• Olympic: Three Parks in One


    National Park Washington

There are park alerts in effect.
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  • Work Scheduled for East Beach Road at Lake Crescent Starting July 10

    East Beach Road will be reduced to one-lane of traffic through work zones and delays of up to 15 minutes should be expected. Work will occur weekdays between 7:00 a.m. and 6:00 p.m. through mid-July, weather permitting.

  • Madison Falls Trail Closed for Repairs Beginning July 7

    The one-tenth mile Madison Falls Trail and trailhead parking lot located in Elwha Valley will close to public entry for three weeks beginning on Monday, July 7 while crews make improvements and repairs.

Birdwatching in Olympic

Red-breasted sapsucker on a tree

Red-breasted sapsucker

Ken and Mary Campbell

Over 250 species of birds use the extensive and diverse habitats of Olympic National Park and the adjoining coastal waters. In the mountain meadows, you may see blue grouse, woodpeckers, gray jays, and many more. Along the coast, bald eagles, rhinoceros auklets, western gulls, and a number of other coastal birds can be spotted feeding, or nesting in offshore trees.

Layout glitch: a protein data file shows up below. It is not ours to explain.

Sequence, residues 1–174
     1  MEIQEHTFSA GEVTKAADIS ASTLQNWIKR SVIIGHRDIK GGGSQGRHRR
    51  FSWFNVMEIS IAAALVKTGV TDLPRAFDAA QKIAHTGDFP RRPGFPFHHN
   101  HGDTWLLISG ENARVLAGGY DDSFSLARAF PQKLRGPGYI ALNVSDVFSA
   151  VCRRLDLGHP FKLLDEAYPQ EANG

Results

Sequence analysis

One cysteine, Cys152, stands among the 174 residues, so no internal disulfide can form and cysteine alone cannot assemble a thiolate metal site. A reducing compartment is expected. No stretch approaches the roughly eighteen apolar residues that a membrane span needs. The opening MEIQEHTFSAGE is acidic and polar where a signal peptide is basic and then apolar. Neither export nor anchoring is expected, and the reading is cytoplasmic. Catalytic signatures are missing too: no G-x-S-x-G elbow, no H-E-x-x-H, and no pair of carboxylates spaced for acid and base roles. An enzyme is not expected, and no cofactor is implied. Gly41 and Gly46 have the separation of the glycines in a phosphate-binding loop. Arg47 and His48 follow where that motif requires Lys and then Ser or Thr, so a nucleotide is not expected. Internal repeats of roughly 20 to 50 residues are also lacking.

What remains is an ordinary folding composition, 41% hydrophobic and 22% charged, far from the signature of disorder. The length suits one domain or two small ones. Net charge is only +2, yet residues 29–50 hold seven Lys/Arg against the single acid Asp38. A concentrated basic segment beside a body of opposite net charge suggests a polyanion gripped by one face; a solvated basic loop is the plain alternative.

Some of the particularly prevalent birds include the American crow, common raven, varied thrush, winter wren, Steller's jay, gray jay, ruffed grouse, blue grouse, belted kingfisher, and a variety of warblers, woodpeckers, kinglets, and sparrows.

Check out the photo gallery of birds in Olympic National Park.

Did You Know?

star-shaped purple flowers growing in a crack of a rock

That the Piper's bellflower is unique to the Olympic Mountains? Named after an early Olympic peninsula botanist, the Piper's bellflower grows in cracks and crevices of high elevation rock outcrops.